Two years ago we knew where we were headed.
Republicans had control of both the Maine House and Senate for the first time in decades, and our agenda was detailed, clear and open: health insurance reform, tax reform, welfare reform, regulatory reform, budgetary reform and more. We had talked about our goals for decades, and we worked hard in the following two years to fulfill the detailed promises we had made.
Now the Democrats are back in charge, but there seems to be something very important missing: an agenda. We were told by pundits throughout the campaigns that the Dems could not run on a simple anti-Gov. Paul LePage or anti-Republican agenda and would need more than that. But the Dems did in fact run on that simple anti-Republican agenda, albeit with some dramatic distortions, and it worked.
Sure, Democratic candidates on the campaign trail spoke passionately in favor of the usual left-wing standards: single payer health care, higher taxes on the rich, a higher minimum wage, tougher labor laws and stiffer environmental regulations. But the question remains: What are their goals for this session?
The speaker of the House, who once said in an OpEd that cutting MaineCare is “immoral,” is interested in “tweaking” PL 90, the health insurance reform law. Great. I hope he reads and understands the law first and then looks at the results from only the first year of its partial implementation. It has worked. Tweaking it could result in, yes, more people on MaineCare. Let’s hope that is not his intention.
ObamaCare was touted by Democrat candidates and the need for a “state-based” health-care exchange, as well. But Rep. Sharon Treat, long-time Democratic legislator and the presumptive chair of the Insurance and Financial Services Committee, said in a recent interview with Maine Public Radio, “At this point I don’t think a state-run exchange would be better, to be honest, because we have a governor that has made it clear that he wants it to fail.”
It appears that major health insurance reform may not be part of the Democrat’s plan for Maine. That’s actually a good thing, but it still leaves us guessing.
Other Democratic leaders have been vague with their goals for the 126th Legislature as well. Rep. Terry Hayes, former minority leader of the House and recent candidate for speaker, wrote in a recent BDN column about her priority: to bring back a version of the Legislature’s Labor Committee. OK, not exactly earth shaking, but at least it is something.
There is no question that with LePage as governor, Democrats won’t have a cake walk to bill passage of any of their hard-core, left-wing bills. But why should that stop them if that is what they believe? Republicans put forward their bills year after year when we were in the minority — the same ones we did when we gained the majority. We believed in them and still do.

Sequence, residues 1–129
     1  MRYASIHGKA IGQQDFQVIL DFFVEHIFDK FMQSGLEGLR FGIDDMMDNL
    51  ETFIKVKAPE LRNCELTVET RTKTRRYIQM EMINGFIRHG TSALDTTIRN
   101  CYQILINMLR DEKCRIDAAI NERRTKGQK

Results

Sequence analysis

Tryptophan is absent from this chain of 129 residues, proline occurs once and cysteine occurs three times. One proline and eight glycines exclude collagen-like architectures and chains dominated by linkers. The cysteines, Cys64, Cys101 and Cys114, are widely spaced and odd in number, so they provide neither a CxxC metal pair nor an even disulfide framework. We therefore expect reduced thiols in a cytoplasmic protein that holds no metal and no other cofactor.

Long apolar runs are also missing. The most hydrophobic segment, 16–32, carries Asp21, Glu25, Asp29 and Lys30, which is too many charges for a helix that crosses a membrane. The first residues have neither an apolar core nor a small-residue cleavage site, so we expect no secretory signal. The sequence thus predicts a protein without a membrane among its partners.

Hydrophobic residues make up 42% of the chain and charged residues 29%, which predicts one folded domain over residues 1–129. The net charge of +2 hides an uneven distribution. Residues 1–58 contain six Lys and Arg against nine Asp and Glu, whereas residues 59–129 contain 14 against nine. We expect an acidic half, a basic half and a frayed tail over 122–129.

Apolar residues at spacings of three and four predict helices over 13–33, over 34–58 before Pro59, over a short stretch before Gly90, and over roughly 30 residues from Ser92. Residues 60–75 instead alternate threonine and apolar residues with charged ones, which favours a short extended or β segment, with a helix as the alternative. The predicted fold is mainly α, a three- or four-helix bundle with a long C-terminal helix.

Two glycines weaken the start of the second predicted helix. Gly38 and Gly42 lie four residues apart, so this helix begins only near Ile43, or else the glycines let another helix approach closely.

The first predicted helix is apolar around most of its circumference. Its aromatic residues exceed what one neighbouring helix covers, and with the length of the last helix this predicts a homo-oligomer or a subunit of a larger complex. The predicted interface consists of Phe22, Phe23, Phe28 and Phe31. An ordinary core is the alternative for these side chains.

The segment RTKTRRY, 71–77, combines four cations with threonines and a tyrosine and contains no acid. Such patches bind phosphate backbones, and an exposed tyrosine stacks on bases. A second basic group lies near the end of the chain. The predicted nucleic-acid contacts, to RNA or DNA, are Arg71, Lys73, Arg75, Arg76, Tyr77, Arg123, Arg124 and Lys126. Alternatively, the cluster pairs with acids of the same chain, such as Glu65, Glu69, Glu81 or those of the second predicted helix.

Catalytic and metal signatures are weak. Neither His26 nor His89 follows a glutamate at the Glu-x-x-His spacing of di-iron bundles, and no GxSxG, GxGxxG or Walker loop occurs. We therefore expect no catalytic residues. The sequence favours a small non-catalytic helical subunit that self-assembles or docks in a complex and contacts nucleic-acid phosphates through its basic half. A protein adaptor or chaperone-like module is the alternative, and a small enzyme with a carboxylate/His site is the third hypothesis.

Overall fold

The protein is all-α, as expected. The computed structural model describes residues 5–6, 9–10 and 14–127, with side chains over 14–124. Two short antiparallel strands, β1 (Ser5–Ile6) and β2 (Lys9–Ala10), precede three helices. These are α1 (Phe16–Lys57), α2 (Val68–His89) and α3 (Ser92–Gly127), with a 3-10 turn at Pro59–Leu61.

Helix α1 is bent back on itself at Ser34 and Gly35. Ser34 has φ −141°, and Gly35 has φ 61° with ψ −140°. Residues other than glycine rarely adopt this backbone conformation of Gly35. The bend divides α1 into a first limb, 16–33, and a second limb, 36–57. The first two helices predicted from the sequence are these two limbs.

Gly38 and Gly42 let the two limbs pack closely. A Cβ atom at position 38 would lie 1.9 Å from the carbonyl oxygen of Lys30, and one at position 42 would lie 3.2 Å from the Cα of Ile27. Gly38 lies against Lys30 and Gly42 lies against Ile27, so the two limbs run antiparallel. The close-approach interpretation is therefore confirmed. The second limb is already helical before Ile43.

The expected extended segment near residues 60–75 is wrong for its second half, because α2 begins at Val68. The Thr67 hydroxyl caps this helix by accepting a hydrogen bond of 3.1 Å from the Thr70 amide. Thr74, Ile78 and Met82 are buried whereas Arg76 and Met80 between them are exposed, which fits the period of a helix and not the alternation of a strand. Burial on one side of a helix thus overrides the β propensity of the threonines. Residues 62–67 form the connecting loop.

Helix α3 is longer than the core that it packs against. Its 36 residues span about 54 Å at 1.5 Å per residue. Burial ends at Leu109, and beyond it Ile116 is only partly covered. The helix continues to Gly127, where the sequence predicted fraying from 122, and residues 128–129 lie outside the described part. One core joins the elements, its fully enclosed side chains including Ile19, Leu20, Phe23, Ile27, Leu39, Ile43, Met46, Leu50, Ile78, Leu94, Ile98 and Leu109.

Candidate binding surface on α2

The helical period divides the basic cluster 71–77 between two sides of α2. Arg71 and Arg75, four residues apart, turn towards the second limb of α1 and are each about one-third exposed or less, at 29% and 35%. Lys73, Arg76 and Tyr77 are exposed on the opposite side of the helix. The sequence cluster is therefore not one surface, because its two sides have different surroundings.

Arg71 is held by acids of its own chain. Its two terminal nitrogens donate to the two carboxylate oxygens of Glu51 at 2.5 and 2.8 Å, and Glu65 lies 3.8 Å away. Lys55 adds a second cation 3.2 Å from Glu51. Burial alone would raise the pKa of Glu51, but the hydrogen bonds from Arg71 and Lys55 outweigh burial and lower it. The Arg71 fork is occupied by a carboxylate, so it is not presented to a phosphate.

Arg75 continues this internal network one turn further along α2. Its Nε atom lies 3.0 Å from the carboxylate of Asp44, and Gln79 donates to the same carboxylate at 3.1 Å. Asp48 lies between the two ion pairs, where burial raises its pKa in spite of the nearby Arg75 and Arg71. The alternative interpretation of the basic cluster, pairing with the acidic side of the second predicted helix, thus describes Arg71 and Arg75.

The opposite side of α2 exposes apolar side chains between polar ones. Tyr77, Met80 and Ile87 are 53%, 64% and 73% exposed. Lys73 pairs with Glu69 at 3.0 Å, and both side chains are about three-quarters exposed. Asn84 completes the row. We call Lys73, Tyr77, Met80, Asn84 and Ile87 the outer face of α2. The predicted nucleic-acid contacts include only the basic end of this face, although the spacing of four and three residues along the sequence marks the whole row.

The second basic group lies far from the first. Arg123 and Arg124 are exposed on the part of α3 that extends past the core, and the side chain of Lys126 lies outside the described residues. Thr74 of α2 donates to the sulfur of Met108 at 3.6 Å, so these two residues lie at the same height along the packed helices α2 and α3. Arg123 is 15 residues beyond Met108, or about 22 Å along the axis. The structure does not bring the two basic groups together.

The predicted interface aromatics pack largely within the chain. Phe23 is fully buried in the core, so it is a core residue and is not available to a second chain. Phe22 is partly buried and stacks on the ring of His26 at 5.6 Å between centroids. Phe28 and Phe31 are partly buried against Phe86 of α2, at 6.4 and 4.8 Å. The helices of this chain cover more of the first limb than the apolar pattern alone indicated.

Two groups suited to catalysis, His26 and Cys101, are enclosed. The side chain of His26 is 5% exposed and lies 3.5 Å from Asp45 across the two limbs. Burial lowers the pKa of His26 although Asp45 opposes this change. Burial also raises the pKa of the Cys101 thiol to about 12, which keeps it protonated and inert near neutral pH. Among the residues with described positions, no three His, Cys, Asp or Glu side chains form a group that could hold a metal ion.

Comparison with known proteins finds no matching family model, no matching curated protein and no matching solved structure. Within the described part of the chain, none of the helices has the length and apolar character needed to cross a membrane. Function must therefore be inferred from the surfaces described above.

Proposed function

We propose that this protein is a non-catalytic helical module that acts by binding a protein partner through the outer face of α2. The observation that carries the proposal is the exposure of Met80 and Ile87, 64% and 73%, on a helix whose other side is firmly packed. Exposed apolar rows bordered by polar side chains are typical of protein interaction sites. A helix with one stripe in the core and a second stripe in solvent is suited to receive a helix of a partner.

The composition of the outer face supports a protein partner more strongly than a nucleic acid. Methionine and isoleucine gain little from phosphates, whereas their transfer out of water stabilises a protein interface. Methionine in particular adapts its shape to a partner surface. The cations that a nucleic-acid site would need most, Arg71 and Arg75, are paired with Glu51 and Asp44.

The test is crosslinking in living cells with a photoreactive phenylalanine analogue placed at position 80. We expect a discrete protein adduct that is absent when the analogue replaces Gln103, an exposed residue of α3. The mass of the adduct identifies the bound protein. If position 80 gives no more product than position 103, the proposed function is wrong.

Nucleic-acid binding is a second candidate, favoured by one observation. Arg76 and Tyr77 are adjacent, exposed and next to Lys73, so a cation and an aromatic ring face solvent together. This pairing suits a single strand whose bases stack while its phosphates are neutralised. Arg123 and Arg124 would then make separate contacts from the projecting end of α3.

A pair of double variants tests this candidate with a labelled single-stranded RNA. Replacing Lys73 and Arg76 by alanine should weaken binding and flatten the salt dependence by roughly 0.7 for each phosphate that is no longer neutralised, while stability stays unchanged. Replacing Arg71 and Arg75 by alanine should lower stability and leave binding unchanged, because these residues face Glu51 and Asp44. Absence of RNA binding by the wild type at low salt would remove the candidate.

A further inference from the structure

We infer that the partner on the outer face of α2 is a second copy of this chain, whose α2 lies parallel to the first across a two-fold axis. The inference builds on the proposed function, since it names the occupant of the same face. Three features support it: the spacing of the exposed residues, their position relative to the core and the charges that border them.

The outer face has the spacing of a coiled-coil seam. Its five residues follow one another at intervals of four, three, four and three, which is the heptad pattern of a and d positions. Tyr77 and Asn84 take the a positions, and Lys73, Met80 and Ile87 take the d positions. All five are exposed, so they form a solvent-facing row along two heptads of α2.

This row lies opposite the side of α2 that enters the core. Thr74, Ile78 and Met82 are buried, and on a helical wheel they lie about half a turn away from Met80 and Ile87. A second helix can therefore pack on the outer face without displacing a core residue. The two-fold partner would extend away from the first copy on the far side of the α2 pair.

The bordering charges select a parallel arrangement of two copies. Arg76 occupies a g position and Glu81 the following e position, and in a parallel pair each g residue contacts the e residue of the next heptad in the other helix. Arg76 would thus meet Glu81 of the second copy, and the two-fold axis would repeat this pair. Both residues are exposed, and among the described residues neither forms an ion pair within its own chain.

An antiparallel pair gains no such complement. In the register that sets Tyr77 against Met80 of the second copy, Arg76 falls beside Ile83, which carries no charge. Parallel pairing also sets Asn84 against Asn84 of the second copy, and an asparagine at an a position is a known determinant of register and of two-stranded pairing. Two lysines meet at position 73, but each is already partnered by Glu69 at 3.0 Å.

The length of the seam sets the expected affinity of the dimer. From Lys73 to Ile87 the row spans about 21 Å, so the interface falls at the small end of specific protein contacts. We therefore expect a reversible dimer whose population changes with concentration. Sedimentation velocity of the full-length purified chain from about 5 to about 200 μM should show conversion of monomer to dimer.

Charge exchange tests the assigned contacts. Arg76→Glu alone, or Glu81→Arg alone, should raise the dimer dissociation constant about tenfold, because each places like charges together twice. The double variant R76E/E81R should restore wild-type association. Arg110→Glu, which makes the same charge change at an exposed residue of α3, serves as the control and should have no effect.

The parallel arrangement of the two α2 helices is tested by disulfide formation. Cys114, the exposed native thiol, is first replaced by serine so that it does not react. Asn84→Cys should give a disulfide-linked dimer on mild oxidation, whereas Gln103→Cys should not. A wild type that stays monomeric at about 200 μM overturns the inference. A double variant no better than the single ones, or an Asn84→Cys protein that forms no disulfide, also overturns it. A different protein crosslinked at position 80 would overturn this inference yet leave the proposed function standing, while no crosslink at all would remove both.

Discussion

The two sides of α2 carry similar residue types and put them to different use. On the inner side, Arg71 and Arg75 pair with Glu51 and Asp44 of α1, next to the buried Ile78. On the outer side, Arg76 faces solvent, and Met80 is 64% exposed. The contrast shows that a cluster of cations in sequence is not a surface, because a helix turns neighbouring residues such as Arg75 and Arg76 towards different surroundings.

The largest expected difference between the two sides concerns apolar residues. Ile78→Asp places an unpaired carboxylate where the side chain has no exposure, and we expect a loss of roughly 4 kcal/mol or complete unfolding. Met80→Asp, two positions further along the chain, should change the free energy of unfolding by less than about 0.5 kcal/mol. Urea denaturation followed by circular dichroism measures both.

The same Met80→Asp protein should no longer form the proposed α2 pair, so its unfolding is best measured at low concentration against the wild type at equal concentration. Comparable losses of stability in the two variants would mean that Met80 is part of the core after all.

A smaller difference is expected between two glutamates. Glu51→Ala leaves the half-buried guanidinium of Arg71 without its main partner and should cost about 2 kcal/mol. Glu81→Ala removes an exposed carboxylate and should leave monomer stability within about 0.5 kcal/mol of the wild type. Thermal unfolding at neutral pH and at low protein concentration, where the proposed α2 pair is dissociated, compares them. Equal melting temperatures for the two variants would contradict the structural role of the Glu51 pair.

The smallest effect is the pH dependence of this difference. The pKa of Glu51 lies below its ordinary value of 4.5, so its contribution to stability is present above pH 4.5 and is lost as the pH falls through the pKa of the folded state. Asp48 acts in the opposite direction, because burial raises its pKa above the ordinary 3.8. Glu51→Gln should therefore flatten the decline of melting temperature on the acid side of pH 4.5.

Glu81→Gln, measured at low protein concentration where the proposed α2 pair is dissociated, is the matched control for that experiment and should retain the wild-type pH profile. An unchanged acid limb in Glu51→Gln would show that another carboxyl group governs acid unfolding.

The Democratic Party, the “party of ideas,” has no new ideas. Since the election, we’ve heard little more from them than platitudes like, “We want to work together to move Maine forward.” Obviously that’s not an agenda, and it’s certainly not a plan. Simply focusing on winning the next election isn’t, either.
Democrats know the issues that plagued the Maine electorate in 2010 were finally being addressed in the 125th. Their own ideas, however, have all been tried in the past, and they haven’t worked. Under 40 years of Democratic rule, Maine became the worst, the lowest, the highest or the most in all the wrong categories. What are their new ideas for creating jobs, balancing the budget, reducing the cost of healthcare, creating a pro-business environment and reducing poverty? They now have to lead — and leadership can’t be done in secret.
In this session, we can expect the requisite paybacks and corresponding legislation to supporting special interests and dozens of left-wing nonprofits will all need to have their existence justified.
And we can’t forget big labor. The Maine State Employees Association, the Maine Education Association, and the AFL-CIO invested big time in the last election, and they will want their dues paid — and not just from members. They have already flexed their muscle in the 126th Legislature, and they will continue to demand obedience.
As for the taxpayers, ratepayers, premium payers and the rest of us that support this state and this government? Don’t hold your breath expecting any kind of relief. You aren’t on the agenda.
Republican Jonathan McKane, of Newcastle, served four terms in the Maine House of Representatives.